High blood pressure, also known as hypertension, exerts force against artery walls. If the force is high, it’ll cause microscopic tears that turn into scar tissue. This scar tissue promotes the accumulation of plaque in their artery walls causing arteries to narrow and harden.
According to the Centers for Disease Control, 67 million American adults have high blood pressure. Or to state another way…that is 1 in every 3 American adults.
Why this happens is still unknown.
It’s speculated that nitric oxide plays a role. The skin contains nitric oxide metabolites. It is hypothesized that UVA exposure mobilizes the nitric oxide into circulation resulting in beneficial cardiovascular effects.
Researchers speculate this may play a role in why those in the “darker north”, such as Scotland, have higher death rates associated with heart disease. Incidence of high blood pressure and cardiovascular disease rises in the winter and in relation to latitude.
The 24 volunteers in the study obtained the equivalent of 30 minutes of natural sunlight at noon on a sunny day in Southern Europe. Just in case lower blood pressure is caused by warming, the volunteers were protected from this warming effect. Researchers found volunteers blood pressure reduced by about five points with the effects lasting a half hour.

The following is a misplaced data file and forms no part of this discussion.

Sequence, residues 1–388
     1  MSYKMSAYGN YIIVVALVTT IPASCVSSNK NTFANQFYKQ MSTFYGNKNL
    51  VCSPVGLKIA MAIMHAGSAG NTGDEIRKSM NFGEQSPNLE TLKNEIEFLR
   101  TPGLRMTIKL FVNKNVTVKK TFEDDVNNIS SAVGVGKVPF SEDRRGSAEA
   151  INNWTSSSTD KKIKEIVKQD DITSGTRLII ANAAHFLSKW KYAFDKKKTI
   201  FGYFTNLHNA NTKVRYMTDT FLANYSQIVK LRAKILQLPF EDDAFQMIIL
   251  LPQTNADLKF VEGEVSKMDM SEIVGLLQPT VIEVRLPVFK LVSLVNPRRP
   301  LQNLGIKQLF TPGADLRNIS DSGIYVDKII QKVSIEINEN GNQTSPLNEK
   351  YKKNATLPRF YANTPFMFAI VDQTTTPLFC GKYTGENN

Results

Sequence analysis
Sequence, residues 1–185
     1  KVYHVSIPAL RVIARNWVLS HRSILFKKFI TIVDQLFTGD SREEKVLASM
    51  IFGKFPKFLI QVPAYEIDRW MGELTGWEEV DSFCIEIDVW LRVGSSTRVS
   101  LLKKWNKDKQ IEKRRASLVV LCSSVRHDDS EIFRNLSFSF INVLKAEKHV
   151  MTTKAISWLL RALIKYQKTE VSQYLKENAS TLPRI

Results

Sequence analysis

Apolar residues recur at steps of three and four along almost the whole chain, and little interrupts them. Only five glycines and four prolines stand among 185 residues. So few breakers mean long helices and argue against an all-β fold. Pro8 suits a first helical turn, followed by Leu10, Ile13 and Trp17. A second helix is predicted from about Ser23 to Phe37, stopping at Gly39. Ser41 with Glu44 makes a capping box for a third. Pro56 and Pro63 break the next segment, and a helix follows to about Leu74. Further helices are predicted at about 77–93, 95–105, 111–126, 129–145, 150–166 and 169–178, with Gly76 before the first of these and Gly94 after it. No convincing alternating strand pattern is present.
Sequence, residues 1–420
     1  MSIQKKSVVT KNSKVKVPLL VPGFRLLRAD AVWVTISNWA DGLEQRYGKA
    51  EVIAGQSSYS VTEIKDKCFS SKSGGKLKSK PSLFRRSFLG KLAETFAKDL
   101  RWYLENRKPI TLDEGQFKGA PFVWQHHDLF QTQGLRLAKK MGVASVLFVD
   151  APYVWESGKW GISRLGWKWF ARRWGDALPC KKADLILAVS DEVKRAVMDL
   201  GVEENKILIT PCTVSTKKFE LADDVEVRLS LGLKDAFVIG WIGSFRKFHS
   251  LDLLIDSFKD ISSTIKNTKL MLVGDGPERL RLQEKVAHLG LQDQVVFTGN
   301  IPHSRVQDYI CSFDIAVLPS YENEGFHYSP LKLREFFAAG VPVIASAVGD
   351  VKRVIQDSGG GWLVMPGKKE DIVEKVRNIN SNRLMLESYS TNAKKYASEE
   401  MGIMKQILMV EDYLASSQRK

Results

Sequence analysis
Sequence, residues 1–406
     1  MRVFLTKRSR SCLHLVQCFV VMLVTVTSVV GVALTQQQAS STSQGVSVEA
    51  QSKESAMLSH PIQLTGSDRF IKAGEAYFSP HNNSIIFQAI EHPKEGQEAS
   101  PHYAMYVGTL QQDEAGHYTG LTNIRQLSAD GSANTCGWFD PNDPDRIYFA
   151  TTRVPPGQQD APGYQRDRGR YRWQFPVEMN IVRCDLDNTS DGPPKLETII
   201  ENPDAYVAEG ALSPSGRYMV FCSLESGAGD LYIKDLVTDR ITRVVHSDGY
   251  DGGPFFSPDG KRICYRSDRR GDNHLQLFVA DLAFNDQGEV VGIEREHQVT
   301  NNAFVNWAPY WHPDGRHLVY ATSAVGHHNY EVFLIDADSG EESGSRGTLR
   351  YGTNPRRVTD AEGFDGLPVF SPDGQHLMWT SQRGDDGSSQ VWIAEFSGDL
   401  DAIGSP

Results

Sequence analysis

That doesn’t mean potential negative effects associated with too much sunlight, such as skin cancer, should be ignored in favor of this potential cardiovascular benefit. However, it be worth exploring a healthy balance of time in the sun against preventive measures to protect your skin.
If you are working to lower your blood pressure, access the free e-course 7 Natural Ways to Lower Blood Pressure at http://lowerbloodpressurewithlisa.com.
All the best,
Lisa Nelson RD
On the road to heart health, start with weight control. Reaching and maintaining a healthy weight promotes overall health and prevents many diseases, including heart disease. Living with extra weight, puts an increased burden on your heart muscle. Being overweight or obese puts you at increased risk for high blood pressure, type 2 diabetes, certain cancers, and other health
Here are five additional steps you can take for heart health:
1. Exercise more.
Being inactive is a major risk factor for heart disease. Regular exercise, particularly aerobic exercise, has many heart related benefits. For example, exercise will strengthen your heart, improves circulation, and lowers blood pressure.
2. Cut back on salt.
Salt can hide in places you may not expect. Read food labels. For some individuals, a high sodium diet is linked to high blood pressure. High blood pressure puts excess work on the heart and can lead to stroke and heart failure.